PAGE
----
11. Rolled Throughput Yield

    Based on the calculated Rolled Throughput Yield of 100%, the process cannot be inefficient. But there could be assumptions that are made in this calculation which may reveal the inefficiencies in the process. These assumptions may result in some convenient omissions, which end up boosting the Rolled Throughput Yield to 100%. Sometimes, these assumptions also lower the perceived design efficiency. Some of these assumptions are: 1. Related to available time The equipment or plant is available for operation 24 X 7 = 168 hours in a week, but the Management chooses or there is business only for running five days a week for two shifts of eight hours each. Within this time of 80 hours per week, the plant operates at 100% rolled Throughput Yield, but from an overall time availability angle, there is already a loss of around 52% ([168 – 80] / 168). 2. Related to Capacity There could be a batch process operating in a drum, with a design capacity of 80 metric tonnes. Due to poor maintenance, some residue of the charge has solidified inside the drum reducing its usable capacity to 70 metric tonnes. The Rolled Throughput Yield on 70 metric tonnes is indeed 100%, but w.r.t. the Design Capacity, the yield loss is 10/80 = 12.5%. 3. Related to Scope For most product types, the Rolled Throughput Yield is 100%, but for some product types, the yield drops in one or more processes. But these product types are scoped out when calculating or presenting Rolled Throughput Yield calculations. 4. Related to Mode of Operation Some low yield processes get outsourced so that the “organization’s” Rolled Throughput Yield remains at 100%. But if Rolled Throughput Yield is assessed for the End-to-end process, it may go below 100%. 5. Related to Changeovers Changeovers are “Non-production” times. So, these times are not included in the available time. If considered the right way, the Rolled Throughput Yield will be less than 100%.
  12. Hawthorne Effect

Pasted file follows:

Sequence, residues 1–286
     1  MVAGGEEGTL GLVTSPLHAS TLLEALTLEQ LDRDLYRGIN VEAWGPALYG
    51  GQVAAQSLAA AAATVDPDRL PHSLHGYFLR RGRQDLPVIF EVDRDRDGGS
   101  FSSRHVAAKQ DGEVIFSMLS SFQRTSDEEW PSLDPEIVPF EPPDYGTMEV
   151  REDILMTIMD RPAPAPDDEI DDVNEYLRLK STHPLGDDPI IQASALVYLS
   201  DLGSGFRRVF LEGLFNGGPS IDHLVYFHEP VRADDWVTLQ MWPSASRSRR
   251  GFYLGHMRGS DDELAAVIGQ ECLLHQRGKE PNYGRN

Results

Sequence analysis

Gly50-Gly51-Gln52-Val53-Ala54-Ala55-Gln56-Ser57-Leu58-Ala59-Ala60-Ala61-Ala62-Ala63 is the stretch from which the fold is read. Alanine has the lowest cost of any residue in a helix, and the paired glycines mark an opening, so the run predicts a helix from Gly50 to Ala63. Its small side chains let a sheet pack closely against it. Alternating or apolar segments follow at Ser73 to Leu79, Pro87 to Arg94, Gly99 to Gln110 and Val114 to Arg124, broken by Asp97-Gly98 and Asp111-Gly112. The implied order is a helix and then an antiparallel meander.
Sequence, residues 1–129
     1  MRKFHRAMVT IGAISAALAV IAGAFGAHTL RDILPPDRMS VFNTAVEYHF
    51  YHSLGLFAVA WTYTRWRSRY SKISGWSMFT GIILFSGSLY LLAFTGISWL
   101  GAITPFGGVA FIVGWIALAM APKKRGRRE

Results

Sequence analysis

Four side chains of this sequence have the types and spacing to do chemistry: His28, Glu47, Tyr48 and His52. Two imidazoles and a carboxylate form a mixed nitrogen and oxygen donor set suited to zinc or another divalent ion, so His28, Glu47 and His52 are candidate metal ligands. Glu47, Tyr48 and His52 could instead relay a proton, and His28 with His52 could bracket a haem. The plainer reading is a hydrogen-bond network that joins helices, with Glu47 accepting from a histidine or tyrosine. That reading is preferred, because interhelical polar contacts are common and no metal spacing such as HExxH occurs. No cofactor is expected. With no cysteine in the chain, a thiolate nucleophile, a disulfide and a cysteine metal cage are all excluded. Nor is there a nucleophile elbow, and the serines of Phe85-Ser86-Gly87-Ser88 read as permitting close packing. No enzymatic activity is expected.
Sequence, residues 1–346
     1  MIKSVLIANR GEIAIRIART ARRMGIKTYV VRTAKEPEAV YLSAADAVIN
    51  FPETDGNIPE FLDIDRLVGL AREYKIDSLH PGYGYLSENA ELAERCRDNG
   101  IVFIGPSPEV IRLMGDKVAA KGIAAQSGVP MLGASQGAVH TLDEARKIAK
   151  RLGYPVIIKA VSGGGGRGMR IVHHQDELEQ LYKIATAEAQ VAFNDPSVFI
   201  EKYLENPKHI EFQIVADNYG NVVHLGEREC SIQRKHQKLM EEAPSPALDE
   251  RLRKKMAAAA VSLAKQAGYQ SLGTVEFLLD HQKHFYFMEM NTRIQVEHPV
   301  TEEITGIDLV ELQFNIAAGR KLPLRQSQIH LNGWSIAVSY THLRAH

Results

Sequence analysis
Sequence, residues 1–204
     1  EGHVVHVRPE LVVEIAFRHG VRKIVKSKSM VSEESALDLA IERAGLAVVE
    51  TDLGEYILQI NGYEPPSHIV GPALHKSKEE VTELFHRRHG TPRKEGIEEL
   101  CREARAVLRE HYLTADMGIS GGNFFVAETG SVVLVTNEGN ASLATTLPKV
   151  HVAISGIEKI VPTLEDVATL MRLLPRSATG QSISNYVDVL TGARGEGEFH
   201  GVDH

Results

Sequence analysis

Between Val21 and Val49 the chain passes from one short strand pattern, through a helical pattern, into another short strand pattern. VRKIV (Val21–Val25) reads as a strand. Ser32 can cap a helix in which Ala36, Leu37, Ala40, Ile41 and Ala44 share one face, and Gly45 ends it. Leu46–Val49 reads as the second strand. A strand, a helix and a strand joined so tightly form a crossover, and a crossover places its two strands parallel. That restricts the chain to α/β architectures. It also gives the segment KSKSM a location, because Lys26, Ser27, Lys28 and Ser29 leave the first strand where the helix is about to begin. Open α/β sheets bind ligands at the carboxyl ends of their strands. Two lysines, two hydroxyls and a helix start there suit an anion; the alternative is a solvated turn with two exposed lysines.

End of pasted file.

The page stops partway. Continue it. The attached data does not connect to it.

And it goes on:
Any Industrial Engineer who has attempted to conduct Time and Motion Studies in a factory would have experienced first-hand, the reverse Hawthorne effect of workers trying hard to make work stretch to fill available time, intending to get a smaller quota of daily work. While on the floor, the practice of Rating during Time Study can to some extent help the observer to arrive close to the correct time standard, this alone may not be sufficient to completely nullify the reverse Hawthorne effect. In certain other situations, the fear of being branded as slow, uncooperative or having what is conveniently, if popularly called, “an attitude problem”, can make people work faster than normal. This can also happen when the people being observed are mis-motivated to impress the observer with their speed of working. In both the above situations, it would be very difficult to arrive at the correct baseline for the process. The process of neutralizing these effects and getting people to work normally cannot start on the floor during the observation for baselining. Setting the stage This process begins with setting the correct environment throughout the organization for all staff to be normal and be themselves throughout without any fear of any kind of retribution. This can happen only if staff are genuinely convinced about this in their heart-of-hearts. These staff will get convinced only if the Management demonstrates its correct intentions and walk its talk. The right actions are more effective than a million words spoken or written. Before the observation begins, all the staff who are being observed will need to be addressed by the organizational Management. The purpose of the observation and baselining need to be explained clearly and any questions asked by the staff during this meeting need to be answered completely and satisfactorily by the Management. Draft Benchmark Once the staff being observed are satisfied and are willing to cooperate by being normal during the baselining, a few other things will need to be done before the observation. The Management should try to get through their own network, an idea of the baseline for similar processes in other organizations in the same or similar industrial sectors. Further, the Management should take the help of one trusted staff or Supervisor to have the process executed away from the floor in private. Sufficient number of transactions need to be observed which are representative of the real-life day-to-day scenario. From both these sources, the Management will get a reasonable idea of the practices and the time taken for the process they are planning to baseline. Rating during observation Once this is available, the observation can then start with a trained person rating the pace of execution of work continually. The Management will need to use the draft benchmark to check if the results returned by their current baselining efforts are close to the one they have assessed earlier. This checking will need to be done atleast twice a day and can be done once an hour. Feedback Once the check is done and it is observed that the Hawthorne effect or its reverse is visible, then the baselining efforts will need to be temporarily either halted or results should be ignored temporarily. The staff involved in the process will need to be called in again and the Management needs to re-explain to them the objective of the baselining study and their cooperation needs to be requested again. The feedback needs to be shared with them that they are working too fast or too slow than normal and they need to work in the normal manner and pace for the mutual benefit of all concerned. To summarize, the approach required to be followed to neutralize the Hawthorne effect or its reverse would constitute the following: 1. Setting the stage with the staff being studied by a open and transparent discussion and ensuring that each of the staff are convinced about the necessity and the advantages of working at a normal pace 2. Developing a draft benchmark by: a. Getting some external benchmarks from other organizations for a similar process b. Preparing a draft baseline by observing a reliable staff perform the process outside the floor 3. Rating the pace of the work during the study 4. Checking the results of the study with the draft benchmark atleast twice a day and giving feedback to the staff being observed if any Hawthorne effect or its reverse is observed